regular May meeting Tuesday evening
at the Buckingham Memorial, having
changed their place of meeting from
Eagles' hall. President A. J., Whdley
was in the-chair. It was 'Stated rafter
the meeting that the only business
transacted was of a routine nature,
and that the ' Resolutions recently
passed by the Building Trades coun
cil directed to an effort to settle the
strike of the journeymen plumbers had
not yet come before the master plumb
BLANC BOY FOUND
IN RIVER AT BALTIC
Body Found Near Charon Flats Had
Been Missing Since Monday.
The body of Napoleon Blanc, the
13 year old son of Donat Blanc of Bal
tic, was found by a searching party
about 3 o'clock Tuesday afternoon in
'the Shetutiet river near' the Charon
flats juat below Baltic. The boy left
home about 3 o'clock Monday after
noon and when he did not return in
the evening a searching party was
sent out. Hi was said to be subject
to fits, and it' was thought that per
haps he had gone swimming and be
ing taken with a fit, drowned, but
this theory was unfounded, as the body
was fully clothed when found except
for his cap, which was round before.
The boy wts 13 years old and was
born in North Grosvenordale. Pre
vious to moving to Baltic the family
resided in Taftville. - He Is survived
hy his father. Mrs. Blanc died some
time ago.. Just how the boy got into
the water is not known . Funeral Di
rector Grant took charge of the body.
ROUND TABLE MEETING
HELD IN LEDYARD
Guests of Mrs. John E. Fanning at
the Summer Home.
For next to -their last meeting of the
season the Norwich Kound Table
members went to the summer hon-e
of Mr. and Mrs. John E. Fanning in
Ldj'ard on Tuesday evening, via the
Ncrwich ' & Westerly road, Mrs. Fan
ning being the hostess. There was a
goodsized attendance and an enjoyable
time was held.
At the roll call some prominent abo
litionist was mentioned, the subject
for the evening being The Crucial Pe
riod in American History. There were
three papers during the-evenlng. The
Genesis of the American Slave Traf
fic, by Mrs. S. Howard Mead; John
Brown- and the - Anti-Slavery Agita
tion, by Mrs. Herbert J. Wyckoff, and
after the intermission, Connecticut
and the Abolition Movement, by Mrs.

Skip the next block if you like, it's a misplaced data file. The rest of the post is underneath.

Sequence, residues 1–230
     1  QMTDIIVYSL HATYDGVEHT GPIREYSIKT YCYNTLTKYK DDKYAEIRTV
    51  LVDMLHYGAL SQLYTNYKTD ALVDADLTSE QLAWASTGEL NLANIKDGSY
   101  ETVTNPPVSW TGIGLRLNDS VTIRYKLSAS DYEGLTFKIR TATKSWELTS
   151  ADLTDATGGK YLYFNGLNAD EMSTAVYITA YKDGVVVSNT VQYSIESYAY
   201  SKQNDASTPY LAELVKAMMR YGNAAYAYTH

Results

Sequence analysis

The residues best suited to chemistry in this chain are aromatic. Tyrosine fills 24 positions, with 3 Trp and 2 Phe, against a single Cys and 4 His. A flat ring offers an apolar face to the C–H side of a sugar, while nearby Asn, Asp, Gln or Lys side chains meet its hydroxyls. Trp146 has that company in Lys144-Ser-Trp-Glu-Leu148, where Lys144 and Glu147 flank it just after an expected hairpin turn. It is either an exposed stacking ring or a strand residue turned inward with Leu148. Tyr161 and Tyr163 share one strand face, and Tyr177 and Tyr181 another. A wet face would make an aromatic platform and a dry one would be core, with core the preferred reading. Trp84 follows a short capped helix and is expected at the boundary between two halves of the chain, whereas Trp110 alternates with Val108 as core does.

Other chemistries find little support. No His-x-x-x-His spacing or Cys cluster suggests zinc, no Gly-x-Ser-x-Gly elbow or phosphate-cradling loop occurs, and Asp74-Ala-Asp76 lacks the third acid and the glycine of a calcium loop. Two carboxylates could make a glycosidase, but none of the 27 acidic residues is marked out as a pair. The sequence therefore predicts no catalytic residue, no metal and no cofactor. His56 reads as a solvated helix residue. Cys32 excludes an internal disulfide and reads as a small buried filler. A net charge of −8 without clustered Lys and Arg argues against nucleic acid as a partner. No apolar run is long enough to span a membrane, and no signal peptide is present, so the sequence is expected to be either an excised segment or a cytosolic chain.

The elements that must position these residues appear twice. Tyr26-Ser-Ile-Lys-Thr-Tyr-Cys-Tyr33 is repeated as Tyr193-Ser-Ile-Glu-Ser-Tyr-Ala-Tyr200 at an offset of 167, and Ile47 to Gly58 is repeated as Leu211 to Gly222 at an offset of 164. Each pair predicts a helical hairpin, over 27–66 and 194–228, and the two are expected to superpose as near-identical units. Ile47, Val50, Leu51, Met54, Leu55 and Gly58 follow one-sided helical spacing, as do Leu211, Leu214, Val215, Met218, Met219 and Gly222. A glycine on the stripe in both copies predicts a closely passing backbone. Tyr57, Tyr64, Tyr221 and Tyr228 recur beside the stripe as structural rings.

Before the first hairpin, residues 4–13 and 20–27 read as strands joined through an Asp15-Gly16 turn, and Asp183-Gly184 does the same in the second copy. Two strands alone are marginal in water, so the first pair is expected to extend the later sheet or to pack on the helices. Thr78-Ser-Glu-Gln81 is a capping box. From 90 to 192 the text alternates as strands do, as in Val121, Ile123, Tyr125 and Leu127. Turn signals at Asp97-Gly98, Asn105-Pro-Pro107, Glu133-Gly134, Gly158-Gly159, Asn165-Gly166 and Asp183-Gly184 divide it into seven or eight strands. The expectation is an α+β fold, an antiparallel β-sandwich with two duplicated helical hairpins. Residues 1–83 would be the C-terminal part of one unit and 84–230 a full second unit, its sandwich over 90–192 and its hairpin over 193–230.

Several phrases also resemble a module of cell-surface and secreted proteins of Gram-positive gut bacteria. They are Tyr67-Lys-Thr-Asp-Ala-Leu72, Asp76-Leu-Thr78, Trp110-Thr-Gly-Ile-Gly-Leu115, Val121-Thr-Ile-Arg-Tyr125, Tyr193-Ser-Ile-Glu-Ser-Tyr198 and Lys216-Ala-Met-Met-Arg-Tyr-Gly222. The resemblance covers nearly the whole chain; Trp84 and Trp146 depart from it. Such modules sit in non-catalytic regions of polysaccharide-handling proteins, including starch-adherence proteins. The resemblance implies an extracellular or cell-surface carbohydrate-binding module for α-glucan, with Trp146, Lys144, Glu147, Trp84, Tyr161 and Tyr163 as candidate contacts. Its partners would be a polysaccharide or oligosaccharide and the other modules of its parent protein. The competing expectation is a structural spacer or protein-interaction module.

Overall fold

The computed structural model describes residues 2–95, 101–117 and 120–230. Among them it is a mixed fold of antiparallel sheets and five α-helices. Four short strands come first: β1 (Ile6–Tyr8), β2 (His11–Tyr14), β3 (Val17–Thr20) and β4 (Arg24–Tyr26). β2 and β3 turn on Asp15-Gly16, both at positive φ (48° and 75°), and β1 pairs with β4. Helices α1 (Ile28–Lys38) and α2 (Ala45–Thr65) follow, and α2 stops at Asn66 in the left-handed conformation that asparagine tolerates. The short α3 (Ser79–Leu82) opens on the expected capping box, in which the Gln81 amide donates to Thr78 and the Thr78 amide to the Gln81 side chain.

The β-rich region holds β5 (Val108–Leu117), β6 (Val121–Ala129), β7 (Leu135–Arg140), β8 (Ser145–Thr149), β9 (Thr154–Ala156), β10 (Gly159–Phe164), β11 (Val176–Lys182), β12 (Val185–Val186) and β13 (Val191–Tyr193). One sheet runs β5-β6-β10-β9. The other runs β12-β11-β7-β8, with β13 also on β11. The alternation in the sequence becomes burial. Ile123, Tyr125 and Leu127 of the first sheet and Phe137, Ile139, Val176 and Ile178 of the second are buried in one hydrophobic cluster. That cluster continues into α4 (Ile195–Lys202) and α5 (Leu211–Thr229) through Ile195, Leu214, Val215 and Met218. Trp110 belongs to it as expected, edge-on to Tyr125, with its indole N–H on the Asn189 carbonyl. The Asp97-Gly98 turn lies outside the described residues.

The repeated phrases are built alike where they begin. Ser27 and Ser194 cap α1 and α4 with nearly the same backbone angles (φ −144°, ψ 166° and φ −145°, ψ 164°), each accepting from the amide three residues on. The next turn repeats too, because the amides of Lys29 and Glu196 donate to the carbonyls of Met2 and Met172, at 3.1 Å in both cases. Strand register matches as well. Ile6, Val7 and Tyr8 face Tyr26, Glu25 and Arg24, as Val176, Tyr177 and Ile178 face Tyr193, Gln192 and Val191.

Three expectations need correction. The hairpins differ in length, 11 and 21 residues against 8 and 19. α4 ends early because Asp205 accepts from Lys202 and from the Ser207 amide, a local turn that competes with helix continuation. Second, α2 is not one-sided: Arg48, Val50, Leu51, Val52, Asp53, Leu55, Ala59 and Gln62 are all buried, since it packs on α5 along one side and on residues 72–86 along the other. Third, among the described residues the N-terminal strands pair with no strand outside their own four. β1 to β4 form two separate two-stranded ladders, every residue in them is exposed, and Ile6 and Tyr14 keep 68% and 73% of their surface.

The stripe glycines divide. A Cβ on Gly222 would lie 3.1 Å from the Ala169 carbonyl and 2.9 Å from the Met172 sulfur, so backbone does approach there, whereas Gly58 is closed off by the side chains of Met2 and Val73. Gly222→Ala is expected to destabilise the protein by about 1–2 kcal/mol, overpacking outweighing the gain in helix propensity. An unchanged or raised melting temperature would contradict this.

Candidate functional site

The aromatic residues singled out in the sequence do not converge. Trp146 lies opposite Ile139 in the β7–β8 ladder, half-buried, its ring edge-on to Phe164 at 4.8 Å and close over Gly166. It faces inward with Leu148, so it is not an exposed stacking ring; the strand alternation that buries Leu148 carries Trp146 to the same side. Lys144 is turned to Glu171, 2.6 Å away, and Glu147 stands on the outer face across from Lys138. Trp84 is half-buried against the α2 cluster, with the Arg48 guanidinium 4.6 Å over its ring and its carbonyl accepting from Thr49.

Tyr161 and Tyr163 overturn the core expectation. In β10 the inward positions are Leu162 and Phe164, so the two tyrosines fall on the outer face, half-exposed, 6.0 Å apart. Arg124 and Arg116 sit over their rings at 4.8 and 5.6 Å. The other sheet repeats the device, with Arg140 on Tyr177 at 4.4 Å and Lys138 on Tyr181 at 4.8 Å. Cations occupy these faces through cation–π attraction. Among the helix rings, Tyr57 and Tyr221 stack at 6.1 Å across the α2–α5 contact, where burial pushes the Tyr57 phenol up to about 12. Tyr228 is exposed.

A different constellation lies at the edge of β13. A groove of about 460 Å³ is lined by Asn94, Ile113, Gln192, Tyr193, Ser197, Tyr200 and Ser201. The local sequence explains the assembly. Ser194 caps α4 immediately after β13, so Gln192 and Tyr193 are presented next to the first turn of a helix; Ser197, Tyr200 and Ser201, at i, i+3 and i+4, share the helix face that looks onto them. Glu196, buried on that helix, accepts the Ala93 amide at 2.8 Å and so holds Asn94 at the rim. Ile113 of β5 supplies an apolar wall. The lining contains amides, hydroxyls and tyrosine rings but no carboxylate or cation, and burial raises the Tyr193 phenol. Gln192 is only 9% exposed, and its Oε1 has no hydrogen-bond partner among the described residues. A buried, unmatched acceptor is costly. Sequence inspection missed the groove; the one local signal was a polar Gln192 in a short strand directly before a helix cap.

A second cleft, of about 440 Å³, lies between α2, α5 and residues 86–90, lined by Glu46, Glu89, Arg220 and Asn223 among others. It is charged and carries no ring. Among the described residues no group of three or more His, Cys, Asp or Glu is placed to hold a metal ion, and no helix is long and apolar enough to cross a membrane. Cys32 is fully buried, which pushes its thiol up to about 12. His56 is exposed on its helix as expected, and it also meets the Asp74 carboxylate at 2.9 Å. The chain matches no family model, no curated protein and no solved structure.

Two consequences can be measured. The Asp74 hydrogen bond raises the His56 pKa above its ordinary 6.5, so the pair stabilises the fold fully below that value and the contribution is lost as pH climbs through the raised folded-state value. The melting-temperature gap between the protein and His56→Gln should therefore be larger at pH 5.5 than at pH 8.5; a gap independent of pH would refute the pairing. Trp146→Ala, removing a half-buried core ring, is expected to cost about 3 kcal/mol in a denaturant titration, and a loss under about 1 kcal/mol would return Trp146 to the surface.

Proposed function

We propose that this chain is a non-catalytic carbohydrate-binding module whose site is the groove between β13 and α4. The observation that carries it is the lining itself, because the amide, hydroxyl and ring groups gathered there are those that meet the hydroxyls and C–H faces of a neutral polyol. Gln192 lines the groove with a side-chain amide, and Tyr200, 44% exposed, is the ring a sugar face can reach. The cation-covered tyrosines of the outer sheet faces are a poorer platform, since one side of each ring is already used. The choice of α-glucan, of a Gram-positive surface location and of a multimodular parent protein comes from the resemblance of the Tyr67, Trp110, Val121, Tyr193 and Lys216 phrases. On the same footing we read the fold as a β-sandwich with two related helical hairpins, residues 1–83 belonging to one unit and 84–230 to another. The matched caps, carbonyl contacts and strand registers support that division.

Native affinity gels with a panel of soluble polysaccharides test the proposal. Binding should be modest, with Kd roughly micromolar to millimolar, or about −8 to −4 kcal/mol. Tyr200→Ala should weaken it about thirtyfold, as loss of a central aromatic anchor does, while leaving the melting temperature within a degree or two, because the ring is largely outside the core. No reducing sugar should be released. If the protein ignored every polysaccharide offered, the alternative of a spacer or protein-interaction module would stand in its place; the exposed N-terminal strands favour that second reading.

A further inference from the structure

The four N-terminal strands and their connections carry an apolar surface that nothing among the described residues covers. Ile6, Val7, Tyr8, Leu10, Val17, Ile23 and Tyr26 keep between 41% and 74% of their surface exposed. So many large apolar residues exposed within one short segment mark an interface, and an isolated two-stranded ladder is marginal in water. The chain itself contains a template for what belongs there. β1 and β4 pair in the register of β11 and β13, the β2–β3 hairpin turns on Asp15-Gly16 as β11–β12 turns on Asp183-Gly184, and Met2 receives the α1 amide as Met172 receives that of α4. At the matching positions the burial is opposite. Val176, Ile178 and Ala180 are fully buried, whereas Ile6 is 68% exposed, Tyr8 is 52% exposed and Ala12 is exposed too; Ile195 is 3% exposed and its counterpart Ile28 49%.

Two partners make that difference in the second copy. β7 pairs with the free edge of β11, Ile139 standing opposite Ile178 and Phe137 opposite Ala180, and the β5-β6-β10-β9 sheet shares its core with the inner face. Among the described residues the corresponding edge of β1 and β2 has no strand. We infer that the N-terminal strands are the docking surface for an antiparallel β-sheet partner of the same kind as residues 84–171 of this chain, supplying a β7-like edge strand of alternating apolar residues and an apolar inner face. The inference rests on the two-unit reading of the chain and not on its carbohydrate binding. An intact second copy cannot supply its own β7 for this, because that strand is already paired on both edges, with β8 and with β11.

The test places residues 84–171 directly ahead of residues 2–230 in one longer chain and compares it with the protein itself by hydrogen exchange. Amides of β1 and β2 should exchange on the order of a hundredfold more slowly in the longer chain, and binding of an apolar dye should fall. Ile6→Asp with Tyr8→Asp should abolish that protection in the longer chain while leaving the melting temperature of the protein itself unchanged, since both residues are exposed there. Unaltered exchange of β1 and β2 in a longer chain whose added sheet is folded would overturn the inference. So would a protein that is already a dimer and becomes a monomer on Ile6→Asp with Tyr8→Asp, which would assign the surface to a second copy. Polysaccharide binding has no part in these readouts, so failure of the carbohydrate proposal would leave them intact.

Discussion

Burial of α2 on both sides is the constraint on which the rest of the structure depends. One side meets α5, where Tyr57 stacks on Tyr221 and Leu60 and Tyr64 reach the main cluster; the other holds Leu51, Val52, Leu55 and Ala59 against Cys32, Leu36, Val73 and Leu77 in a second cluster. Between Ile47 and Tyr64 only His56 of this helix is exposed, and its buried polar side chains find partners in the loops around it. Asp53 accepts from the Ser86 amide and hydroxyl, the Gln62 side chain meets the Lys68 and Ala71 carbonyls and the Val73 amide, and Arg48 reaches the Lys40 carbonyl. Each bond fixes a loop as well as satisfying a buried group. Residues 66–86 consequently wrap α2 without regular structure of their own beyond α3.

Mary G. Webster.
Light refreshments were served by
the hostess and the party reached here
at 10.20 o'clock.
SALE OF NORWICH & WESTERLY
Will Be Held in Poquetanuek on .June
. The auction sale of the Norwich &
Westerly road, as advertised, will be
held on June 22 at Poqcretanuck. in one
lot. The sale is to be at noon, and
a description of the propertp appears
elsewhere. . s
'The report from New Haven thaft
President Mullen of the New Haven
road had refused to buy the road is
reported untrue by one in a position
to know, and it is, understood that it
has not been effered to him.' .
Home from Colorado.
Day Starter- Harry Stebbins, who
has been away on a trip to- Colorado
and other western points, returned on
Tuesday evening, coming by way of
Worcester. He will be back at his ac
customed place in the starter's office
on Franklin square todaj-, where Night
Starter John Kinney has been serv
ing, . while Spare Conductor Heroux
had Mr. Kinney's place at night.
A Fair Exchange.
A Chicago judge has i sentenced a
bad- boy to the navy. -Now the navy
may -be expected to sentence Its re
rt ottwis tors $. Chjgow-lep-.
ing of the association. He said that
there came a time when he could not
agree with some of the- members, but
he refused to turn oyer any of the
funds until there was a, treasurer reg
ularly chosen to look after the money.
He said that the total amount was $64,
from which' there were several
amounts for expenses to be deducted
until it was about $10, he owed the
association.- He told -of his leaving
tho city and that it was generally
known he was going. He said he had
ben ready to tuth over tha money.
He denie-1 that he had made an
appointment with some of the mem
bers to meet them after the annual
meeting and settle up the account, or
that he said the money in the bank
had been attached for board and other
There was' a brief argument favor
ing holding the accuses? tor the super
ior court bj- City Attorney Hall, while
Attorney Browning pleaded for the
accused, saying he was not a fugitive
from justice, had corsented to come
back, here without any trouble, and
that Tie should be acquitted, the mat
ter being a tangle, and the trouble
arising possibly from tne incomplete
accounts and records.
Deputy Judge Barnes held that a
demand had been made of the ar-eused
several times for "the money. He told
then the money was on hand in the
bank, whan, as a matter of fact, it
was not in the bank, and he had con
verted it. Probable cause was found
and he was held. Tne bonds were
reduced from $500 to $200 and a
bondsman was there willing to. go se
curity and this will probably be ac
cepted this morning. ''.' .'
SUDDEN DEATH CF"
MRS. ROBERT NICQLA
Found in Her Room, Where She .Had
Expired During thf Night from An
gina Pectoris. .
Emma E. Baker, widow of Robert
Nicola, was found dead in bed Tues
day morning at the home of John L.
Mitchell on Rockweil terrace, where
she had been employed for" the past
year as cook. She had been afflicted
with heart trouble for some time, but
appeared to be in her usual health on
Mnday night when :s retired. Dr.